Wednesday, October 24, 2007

A True Story

So, for background. At Fort Classified, we have an enormous Tesla coil, which radiates electrical energy outward. This is a historical and scientific curiosity, but is mostly used because it looks cool. Like several other displays on site, this is very dangerous, especially if someone gets very near the fence surrounding the coil. On to the story from, um, Dave.

since telling stories is the best thing to do when one is supposed to be studying...jilly comes to me yesterday with a huge box of florescent bulbs of all sizes. she says, "c'mon DAVE, i want you to help me with an experiment." i was the ONLY person on the top floor, guest or employee, but i didn't want to leave my post, just in case someone came up. so, i asked her what kind of experiment it was.

"well," she says, "i want to see if i can get these to light up if i hold it up towards the tesla coil."

"the big tesla coil?" i ask, a little apprehensively.

"Yep," she says, wide-eyed and nodding like a bobble-head, excited by the magnificence of her idea. "I was thinking that, if it worked, we could bring out this box each hour and let our guests hold the lightbulbs during the lightning storm."

"Umm..." i said, looking for something more polite than "bitch, are you crazy?" and settling for "i don't think that's such a good idea. you're gonna have to stand WAY too close. it's dangerous."

"No it's not," she says, still nodding and smiling. "C'mon, let's go," she says, turning to go.

follow, thinking, well, she's not taking no for an answer, maybe she'll chicken out before it gets too crazy. so, we get to the tesla coil and she pulls out a short bulb (what a 'tard) and holds it out over the rail. standing about two feet away from the rail, but extending the bulb over it.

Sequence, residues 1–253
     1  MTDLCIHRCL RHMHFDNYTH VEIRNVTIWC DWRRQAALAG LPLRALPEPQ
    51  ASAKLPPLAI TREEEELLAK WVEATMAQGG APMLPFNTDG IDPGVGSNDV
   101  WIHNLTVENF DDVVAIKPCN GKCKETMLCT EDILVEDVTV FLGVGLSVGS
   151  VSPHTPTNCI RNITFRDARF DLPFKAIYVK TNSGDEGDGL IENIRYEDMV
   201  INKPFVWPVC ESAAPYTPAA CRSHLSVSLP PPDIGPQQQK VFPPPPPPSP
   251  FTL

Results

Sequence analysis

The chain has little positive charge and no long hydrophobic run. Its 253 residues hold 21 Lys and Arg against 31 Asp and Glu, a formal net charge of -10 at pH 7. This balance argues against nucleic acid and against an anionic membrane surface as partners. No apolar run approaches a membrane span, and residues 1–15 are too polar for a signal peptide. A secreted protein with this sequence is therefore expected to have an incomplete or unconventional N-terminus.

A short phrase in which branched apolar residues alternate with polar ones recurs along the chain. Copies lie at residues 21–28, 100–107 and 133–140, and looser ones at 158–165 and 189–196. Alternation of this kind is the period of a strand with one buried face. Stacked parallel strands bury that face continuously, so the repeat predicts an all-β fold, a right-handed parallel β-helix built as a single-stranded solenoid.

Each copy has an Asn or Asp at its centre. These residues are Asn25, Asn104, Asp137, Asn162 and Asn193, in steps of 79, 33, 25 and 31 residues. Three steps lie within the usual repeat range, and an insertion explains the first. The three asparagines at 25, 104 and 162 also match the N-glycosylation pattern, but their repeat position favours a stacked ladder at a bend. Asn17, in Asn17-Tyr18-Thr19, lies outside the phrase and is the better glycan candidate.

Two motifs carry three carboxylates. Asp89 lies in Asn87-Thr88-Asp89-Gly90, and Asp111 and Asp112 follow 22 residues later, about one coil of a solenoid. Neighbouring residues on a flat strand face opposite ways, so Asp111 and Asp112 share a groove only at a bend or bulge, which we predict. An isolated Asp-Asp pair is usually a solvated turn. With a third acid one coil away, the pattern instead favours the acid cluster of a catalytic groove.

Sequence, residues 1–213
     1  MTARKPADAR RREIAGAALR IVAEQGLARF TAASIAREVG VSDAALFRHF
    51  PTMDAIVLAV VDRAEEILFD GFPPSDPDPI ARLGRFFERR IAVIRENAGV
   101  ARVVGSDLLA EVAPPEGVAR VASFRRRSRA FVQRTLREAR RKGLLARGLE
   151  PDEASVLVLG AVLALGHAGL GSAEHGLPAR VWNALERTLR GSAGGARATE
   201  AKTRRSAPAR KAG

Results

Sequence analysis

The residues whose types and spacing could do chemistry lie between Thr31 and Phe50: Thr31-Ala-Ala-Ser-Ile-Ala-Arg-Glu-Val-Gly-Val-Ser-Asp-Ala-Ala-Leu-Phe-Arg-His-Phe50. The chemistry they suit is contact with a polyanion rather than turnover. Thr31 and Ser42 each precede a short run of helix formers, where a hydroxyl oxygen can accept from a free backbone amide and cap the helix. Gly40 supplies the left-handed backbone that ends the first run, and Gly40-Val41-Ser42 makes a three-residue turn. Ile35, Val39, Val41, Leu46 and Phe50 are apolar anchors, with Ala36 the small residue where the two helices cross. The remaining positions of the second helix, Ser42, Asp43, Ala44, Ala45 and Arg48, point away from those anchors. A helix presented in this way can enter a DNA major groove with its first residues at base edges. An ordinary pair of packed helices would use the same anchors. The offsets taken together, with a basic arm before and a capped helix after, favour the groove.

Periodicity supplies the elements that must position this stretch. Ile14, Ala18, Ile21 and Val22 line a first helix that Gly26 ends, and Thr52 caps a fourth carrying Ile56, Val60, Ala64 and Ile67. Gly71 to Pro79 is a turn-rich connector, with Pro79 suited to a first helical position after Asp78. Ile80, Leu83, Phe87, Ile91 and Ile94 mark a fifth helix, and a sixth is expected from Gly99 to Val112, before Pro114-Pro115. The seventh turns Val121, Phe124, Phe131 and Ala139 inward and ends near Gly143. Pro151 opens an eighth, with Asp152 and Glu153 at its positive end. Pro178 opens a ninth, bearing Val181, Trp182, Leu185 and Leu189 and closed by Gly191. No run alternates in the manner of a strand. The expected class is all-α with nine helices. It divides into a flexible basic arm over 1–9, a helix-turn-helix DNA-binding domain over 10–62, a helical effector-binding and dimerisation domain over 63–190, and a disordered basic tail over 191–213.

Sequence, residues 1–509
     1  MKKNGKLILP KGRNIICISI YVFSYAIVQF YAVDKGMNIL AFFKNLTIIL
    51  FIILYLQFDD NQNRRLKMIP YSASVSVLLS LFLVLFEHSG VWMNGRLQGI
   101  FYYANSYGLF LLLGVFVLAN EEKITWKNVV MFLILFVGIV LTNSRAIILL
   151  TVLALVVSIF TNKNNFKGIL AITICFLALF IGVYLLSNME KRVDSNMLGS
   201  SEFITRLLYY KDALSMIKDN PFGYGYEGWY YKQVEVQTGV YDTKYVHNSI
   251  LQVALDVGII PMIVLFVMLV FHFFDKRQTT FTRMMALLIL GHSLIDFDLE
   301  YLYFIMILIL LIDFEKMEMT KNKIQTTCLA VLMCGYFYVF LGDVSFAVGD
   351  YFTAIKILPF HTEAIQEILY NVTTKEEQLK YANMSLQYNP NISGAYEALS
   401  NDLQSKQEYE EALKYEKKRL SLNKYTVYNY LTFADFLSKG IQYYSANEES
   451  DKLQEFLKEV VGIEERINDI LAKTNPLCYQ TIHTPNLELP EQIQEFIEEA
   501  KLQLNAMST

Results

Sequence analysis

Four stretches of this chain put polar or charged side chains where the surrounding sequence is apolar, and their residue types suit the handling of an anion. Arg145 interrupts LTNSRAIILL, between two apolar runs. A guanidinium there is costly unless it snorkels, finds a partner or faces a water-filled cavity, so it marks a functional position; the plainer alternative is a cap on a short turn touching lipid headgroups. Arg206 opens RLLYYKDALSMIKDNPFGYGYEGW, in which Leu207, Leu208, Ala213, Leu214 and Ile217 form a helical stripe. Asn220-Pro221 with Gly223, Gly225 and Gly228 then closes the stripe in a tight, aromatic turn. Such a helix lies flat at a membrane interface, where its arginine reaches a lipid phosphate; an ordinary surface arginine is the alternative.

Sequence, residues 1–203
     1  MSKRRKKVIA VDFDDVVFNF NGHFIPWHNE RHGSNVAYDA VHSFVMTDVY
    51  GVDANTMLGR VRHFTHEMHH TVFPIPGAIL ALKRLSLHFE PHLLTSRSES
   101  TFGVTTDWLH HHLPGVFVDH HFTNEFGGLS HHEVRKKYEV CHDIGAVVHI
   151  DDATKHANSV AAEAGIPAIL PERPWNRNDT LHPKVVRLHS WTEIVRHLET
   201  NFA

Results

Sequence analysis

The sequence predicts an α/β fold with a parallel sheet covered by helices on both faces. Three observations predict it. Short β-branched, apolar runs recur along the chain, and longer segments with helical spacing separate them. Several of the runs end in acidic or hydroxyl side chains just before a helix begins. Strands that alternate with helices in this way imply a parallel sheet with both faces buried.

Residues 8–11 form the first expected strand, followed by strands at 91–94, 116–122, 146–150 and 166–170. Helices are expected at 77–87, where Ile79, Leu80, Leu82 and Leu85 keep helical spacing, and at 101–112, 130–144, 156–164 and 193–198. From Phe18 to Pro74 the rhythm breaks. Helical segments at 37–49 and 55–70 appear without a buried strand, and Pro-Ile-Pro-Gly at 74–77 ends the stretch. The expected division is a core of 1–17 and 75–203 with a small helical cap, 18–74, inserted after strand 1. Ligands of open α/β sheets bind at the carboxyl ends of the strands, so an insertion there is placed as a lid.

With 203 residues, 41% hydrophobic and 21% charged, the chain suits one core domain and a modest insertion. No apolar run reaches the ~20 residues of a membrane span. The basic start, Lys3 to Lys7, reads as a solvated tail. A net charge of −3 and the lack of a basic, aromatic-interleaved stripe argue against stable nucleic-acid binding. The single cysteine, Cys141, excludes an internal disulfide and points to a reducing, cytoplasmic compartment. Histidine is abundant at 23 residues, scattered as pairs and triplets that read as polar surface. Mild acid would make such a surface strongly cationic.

"are you sure about this," i asked, pausing before unlocking the door. "we have our guests stand at least two feet from the rail for a reason--it's 600, 000 volts."

"it's okay," she said, getting a little uppity and agitated with my insubordination, "now go turn it on."

this is where it becomes morally compromising...everything i knew about the whole thing told me that it was a terrible and extremely dangerous idea...but she was so insistent, and so eager to be an idiot, that i felt like obliging her was just the thing to do. i flipped the switch and waited for the worst.

nothing happened. so, she got closer. i flipped the switch, nothing happened. she told me to leave it on, and she proceeded to get the longest bulb from the box and approached the railing until she was less than one foot from it, with the bulb extended about 2 feet shy of the neon bulbs hanging from the ceiling. i turned it off, i just couldn't watch anymore.

so, then she says, "i know why it didn't work," and goes scurrying off to the power station. meanwhile, i'm sitting on the box with the switches, with a bit of a cold sweat starting to form on my face. i'm realizing that i seriously could have been responsible for electrocuting her, but i didn't really feel all that bad about it. i wouldn't have felt personally guilty so much as complicitly guilty...but, still.

she came bounding out of the power station, with a plastic stool in hand. "i needed an insulator!" she exclaimed.

"i really don't think we should--" i said, but she cut me off.

"just flip the switch," she said, plopping the stool down about a foot from the railing and climbing onto it and sticking out the bulb.

flipped the switch. bulb lit up. she was happy. i was getting kind of sick.

"it worked!" she said, all proud of herself.

"it's a terrible idea," i said, trying not to be completely insulting. "i would not EVER ask a guest to do something so risky. it's ridiculous."

"yeah," she says, "i suppose you're right." then she left, carrying on in her merry, vacant way.

No comments: